New Church Resource

Many years ago, the leaders of Boston’s Old South Church decided it would be a wonderful idea to invite Naim Ateek of the Sabeel Liberation Theology Center for a public event where he would be given the opportunity to practice his main “religious” activity: the libeling of Israel and her supporters.

Given Ateek’s fondness for using biblical language that paralleled Israeli activities with the killing of Christ, you won’t be surprised that the Jewish community (with a bit of prodding) came out in force to protest the event.

During that protest, I actually crossed from our crowd to theirs in order to put something I had written into the hands of the pastor responsible for the controversial program.  Needless to say, she refused to soil her eyes with it (although she did manage to maintain a friendly, albeit rictus-like grin, while ignoring the chaos her choice had triggered).  But a pair of more vocal Israel haters associated with the church did choose to confront me, declaring that I was “bearing false witness.”

The fact that the “witness” they claim I was falsifying consisted of them stuffing their political opinions into the mouth of the Almighty was as lost on them, as was any of the other points I tried to make.  But this event, once again, demonstrates what it would take for us to “turn the tables” on Israel’s enemies.

First, we would have to find or found an organization like Sabeel which would make it their religious duty to smear Palestinians and Arabs as not just enemies of Israel, but enemies God.  Then we would have to spend years infiltrating other religious organizations, moving our allies ruthlessly up the ranks to the point where they developed a stranglehold over any and all dialog related to the Middle East (as the Israel Palestine Mission Network – IPMN – currently maintains over the PCUSA).

With those assets in place, the next step would be to get these bodies to officially condemn all those who oppose us, not just for their political positions but for their existence (which we would ensure was labeled an “Apartheid” and “Nazi-like” crime).  And then we would have to blanket the planet with these newly acquired official church-based endorsements, with no concern whatsoever regarding how our activity might impact those organizations we just demanded embrace our cause.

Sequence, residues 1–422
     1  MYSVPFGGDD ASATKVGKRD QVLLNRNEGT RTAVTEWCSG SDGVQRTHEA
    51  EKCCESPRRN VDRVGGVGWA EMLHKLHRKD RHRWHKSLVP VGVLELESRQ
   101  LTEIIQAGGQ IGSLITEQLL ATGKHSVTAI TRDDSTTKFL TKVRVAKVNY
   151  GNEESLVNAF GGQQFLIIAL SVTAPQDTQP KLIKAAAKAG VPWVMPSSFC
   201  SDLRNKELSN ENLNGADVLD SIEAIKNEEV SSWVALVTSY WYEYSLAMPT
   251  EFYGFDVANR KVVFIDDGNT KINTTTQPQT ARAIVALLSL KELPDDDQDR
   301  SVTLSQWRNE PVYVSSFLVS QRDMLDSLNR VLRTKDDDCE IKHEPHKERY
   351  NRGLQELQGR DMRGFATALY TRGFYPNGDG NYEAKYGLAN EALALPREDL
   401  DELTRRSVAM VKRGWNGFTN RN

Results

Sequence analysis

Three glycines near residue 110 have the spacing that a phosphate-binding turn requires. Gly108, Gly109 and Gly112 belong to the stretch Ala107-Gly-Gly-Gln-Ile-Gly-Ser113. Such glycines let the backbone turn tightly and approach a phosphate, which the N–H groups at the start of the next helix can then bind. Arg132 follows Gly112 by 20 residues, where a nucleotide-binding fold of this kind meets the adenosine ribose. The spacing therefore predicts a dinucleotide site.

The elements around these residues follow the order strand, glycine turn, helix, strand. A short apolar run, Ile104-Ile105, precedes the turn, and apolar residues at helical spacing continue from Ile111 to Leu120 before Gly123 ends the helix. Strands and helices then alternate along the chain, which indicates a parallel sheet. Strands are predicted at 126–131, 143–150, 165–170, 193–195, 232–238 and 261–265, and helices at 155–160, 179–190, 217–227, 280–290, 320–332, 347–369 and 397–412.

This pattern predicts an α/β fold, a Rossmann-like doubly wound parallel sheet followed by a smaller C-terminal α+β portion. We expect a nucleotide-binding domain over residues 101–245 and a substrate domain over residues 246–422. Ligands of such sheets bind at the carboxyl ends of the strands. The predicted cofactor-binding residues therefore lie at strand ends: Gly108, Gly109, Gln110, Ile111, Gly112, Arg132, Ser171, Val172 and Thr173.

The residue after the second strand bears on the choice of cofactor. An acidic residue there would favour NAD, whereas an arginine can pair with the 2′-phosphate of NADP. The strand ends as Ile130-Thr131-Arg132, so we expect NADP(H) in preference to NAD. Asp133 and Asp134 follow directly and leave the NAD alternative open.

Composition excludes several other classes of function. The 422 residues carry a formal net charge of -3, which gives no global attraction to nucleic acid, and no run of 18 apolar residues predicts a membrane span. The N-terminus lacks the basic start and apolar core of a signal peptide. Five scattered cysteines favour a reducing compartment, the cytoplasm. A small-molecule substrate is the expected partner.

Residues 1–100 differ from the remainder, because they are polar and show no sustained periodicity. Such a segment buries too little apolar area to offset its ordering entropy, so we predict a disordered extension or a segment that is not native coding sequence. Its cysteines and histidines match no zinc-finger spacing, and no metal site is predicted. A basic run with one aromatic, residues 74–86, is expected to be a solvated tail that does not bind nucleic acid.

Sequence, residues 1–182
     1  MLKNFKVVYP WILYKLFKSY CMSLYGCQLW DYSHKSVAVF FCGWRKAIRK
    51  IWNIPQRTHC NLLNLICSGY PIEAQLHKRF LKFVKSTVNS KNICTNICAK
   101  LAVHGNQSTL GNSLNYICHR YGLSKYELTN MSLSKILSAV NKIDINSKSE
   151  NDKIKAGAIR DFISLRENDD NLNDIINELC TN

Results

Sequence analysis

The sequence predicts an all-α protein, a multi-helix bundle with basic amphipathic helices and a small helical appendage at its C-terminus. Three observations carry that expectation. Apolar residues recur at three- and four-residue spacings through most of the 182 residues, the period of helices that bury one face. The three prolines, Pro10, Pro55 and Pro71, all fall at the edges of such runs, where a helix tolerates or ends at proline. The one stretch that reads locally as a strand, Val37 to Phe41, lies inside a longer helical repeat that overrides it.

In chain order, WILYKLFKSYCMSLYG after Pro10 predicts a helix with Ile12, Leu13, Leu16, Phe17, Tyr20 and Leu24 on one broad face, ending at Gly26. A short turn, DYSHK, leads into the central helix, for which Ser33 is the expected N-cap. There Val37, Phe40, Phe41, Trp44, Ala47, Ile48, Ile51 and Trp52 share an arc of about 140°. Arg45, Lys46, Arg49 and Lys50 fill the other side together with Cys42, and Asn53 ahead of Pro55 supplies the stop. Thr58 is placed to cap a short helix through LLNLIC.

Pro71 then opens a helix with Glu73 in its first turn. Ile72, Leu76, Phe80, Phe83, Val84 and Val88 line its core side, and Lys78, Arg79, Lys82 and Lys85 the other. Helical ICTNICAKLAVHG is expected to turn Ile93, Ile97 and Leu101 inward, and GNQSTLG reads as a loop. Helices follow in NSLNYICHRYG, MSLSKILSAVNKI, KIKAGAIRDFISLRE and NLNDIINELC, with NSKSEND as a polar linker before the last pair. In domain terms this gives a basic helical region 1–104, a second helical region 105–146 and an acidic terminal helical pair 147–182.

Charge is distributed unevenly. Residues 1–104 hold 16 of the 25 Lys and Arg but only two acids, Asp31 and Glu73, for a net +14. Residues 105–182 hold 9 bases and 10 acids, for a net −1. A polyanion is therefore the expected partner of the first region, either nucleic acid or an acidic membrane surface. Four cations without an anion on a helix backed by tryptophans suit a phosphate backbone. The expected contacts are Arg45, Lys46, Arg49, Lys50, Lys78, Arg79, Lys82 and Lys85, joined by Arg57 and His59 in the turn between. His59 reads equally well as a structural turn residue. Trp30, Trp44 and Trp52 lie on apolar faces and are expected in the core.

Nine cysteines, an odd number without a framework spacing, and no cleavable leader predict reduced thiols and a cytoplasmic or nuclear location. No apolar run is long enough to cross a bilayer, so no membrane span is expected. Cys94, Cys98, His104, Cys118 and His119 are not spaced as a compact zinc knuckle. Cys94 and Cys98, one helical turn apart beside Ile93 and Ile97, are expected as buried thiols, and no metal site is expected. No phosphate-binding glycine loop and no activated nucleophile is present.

Needless to say, this kind of behavior is not part of our psychological or community make up.  But, then again, neither is letting our fellow countrymen languish in refugee camps for generations, allying with every totalitarian that comes down the pike, or splintering into factions based on religious and political fanatical ideologies that solve their differences through beheadings and car bombings.  So I suppose there is an upside to not turning yourself into your enemy for short-term advantage.

Especially since, the behavior of the PCUSA and UCC notwithstanding, we are hardly alone with regard to allies in the Christian (including the Arab-Christian) world.  For example, the Christian Empowerment Council (CEC) in Israel recently published a nice little guide to help fellow church members deal with the BDS scourge within their organizations.  And, unlike some of the puss that routinely comes seeping out of Sabeel or IPMN, this booklet uses Christian messages related to love and understanding to guide its advice to other Christians.